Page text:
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How Deworming Helps Keep Dogs And Their People Healthy

Virtually every dog will be a host to a parasite at some point in their life. These parasites can make your dog sick, and in turn, many of them can affect you and your family.
Thankfully, it's pretty easy to keep your dog and your family safe from worms. Learn about the different types of parasites that can affect your dog, and how you can keep them from hitching a ride into your household.
Heartworms are transmitted to dogs via a bite from an infected mosquito. Heartworm disease is serious, sometimes fatal, even with treatment, which is expensive and takes months. Use a monthly heartworm preventative year-round to keep your dog safe.
Heartworms do not show up in stool, as they attack the heart, not the digestive system like other parasites. Symptoms include loss of appetite, weight loss, coughing, and fatigue.
Whipworms can infect your dog if your dog swallows their eggs. The eggs are hardy, surviving on the ground for up to five years. Whipworms live in their host's large intestine, and only microscopic eggs are passed through the stool, so they can easily go unnoticed until the dog develops symptoms: watery, bloody diarrhea and weight loss.
Roundworms are the most common type found in dogs. Though dogs can be asymptomatic, puppies often show symptoms like vomiting and diarrhea. They often develop a round “pot belly” and you may discover long, noodle-like worms in their vomit or stool.
Tapeworms can infect your dog if your dog swallows an infected flea. The tapeworm attaches itself to the inside of the dog's intestine, absorbing nutrients through its skin as food passes through the digestive system. The tapeworm is made up of flat segments that detach and may appear in your dog's stool or around their anus. These segments look like grains of rice, and they are full of eggs that can be picked up by another host.
Hookworms are found as larvae in soil, and your pet may ingest them when they walk through infested soil and later lick their paws or groom their fur. Once inside your dog, hookworms lurk in the digestive system and attach to the intestinal wall, feeding on your dog's blood from the inside. This loss of blood can cause anemia. Affected dogs may lose weight, have bloody diarrhea, and a dull coat.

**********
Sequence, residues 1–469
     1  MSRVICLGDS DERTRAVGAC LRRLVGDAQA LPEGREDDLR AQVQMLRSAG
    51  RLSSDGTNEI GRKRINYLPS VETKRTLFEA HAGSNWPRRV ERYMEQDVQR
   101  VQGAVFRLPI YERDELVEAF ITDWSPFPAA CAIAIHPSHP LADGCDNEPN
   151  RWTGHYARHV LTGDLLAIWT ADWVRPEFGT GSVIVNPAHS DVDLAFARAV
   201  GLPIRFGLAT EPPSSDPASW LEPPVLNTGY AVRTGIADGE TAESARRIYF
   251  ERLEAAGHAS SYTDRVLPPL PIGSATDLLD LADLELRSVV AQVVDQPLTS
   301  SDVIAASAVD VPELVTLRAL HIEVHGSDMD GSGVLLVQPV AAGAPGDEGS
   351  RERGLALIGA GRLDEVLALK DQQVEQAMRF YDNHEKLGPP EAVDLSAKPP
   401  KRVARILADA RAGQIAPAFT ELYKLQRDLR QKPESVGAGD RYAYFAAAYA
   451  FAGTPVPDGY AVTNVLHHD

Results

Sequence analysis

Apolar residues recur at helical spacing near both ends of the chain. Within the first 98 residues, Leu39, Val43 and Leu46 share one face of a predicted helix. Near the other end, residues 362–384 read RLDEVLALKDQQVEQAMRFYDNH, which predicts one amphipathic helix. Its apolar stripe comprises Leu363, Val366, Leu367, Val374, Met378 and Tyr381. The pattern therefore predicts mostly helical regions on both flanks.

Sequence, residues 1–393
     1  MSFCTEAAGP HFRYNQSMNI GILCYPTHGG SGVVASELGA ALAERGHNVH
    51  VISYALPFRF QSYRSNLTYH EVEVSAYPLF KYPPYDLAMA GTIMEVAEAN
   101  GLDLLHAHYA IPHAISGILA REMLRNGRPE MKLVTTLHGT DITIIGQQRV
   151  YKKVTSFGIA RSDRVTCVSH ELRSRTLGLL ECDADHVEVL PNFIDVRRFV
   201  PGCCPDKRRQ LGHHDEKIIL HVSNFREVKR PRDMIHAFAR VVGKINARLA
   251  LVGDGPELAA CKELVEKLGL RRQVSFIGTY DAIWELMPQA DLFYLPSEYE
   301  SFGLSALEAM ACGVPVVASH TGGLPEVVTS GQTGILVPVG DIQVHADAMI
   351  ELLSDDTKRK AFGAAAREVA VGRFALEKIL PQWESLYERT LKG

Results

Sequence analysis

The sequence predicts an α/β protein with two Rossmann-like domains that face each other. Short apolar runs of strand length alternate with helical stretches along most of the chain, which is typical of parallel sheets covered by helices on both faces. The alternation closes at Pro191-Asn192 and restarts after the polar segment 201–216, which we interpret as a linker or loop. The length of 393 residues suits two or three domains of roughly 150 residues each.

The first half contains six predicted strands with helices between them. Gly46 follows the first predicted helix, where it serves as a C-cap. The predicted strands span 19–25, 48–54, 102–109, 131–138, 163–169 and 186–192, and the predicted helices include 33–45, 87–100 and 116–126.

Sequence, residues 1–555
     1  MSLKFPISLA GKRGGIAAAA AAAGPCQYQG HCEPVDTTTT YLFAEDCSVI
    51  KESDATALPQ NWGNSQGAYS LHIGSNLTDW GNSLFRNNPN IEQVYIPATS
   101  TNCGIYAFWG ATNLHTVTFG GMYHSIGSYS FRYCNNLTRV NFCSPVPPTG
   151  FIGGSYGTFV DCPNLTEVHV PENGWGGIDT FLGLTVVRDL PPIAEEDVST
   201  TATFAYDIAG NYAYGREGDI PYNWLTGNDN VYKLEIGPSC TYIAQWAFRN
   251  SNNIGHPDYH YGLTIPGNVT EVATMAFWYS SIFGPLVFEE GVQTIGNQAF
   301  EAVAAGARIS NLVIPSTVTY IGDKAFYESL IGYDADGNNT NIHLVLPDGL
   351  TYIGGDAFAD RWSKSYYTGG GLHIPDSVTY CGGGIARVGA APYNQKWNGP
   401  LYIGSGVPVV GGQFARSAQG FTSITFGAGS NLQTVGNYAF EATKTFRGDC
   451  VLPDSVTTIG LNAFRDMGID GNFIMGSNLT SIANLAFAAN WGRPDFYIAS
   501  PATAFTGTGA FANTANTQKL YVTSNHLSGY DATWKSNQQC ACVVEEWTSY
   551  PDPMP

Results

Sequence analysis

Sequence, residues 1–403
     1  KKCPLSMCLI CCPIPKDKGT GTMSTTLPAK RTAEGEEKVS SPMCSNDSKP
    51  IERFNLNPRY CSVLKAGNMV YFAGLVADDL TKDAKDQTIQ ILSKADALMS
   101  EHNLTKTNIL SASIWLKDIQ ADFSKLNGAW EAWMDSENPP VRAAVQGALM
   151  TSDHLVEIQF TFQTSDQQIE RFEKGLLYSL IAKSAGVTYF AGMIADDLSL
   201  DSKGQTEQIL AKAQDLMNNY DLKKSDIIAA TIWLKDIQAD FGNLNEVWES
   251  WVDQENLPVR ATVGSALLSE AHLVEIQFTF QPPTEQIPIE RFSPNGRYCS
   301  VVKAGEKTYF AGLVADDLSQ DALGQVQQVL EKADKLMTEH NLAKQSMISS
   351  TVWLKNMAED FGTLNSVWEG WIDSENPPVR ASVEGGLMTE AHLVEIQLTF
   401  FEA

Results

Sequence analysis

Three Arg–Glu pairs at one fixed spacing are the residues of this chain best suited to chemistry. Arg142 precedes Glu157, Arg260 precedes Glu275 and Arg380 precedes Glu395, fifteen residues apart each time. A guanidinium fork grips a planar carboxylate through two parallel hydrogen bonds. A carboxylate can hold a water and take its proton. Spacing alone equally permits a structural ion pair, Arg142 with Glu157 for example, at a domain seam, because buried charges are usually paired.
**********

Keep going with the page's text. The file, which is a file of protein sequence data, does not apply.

Can My Dog Give Me Worms?
Some types of worms can be spread from dogs to humans. However, with normal, good hygiene, it's unlikely. Make sure you always wash your hands immediately after cleaning up your dog's poop.
It is possible for your dog to give you worms if they lick your face. Your dog may pick up eggs or larvae in their mouth while grooming himself, and the parasite can end up in your mouth via a sloppy kiss. It's okay to share kisses with your dog; just be sure they're up to date with yearly vet exams and on a parasite preventative. Try turning your face away so your dog licks your chin, not your mouth.

How To Tell If Your Dog Has Worms
Only tapeworms and roundworms are visible in your dog's stool. The others are more difficult to detect, and your dog can be infected for weeks before they develop noticeable symptoms. Diarrhea, especially if bloody, vomiting, and weight loss are all symptoms that can indicate worms or another health condition that can become serious and potentially life threatening if not addressed.

How Often Should I Deworm My Dog?
Most puppies, even those from clean environments and reputable breeders, should be wormed early in life. Puppies often get roundworms and/or hookworms from their mother through the placenta before birth or via the mother's milk. Even if the mother has been dewormed, it is possible for larvae to lie dormant in her body, becoming active again when she becomes pregnant.
After your puppy has been cleared of worms, you can keep them parasite free with a monthly preventative. A heartworm medication like Trifexis protects your dog against heartworm, fleas, and most internal parasites.
Do you suspect your dog has worms? Your veterinarian can check with a simple fecal test, along with a blood test to check for heartworm disease. You will also need to have your veterinarian prescribe a monthly preventative.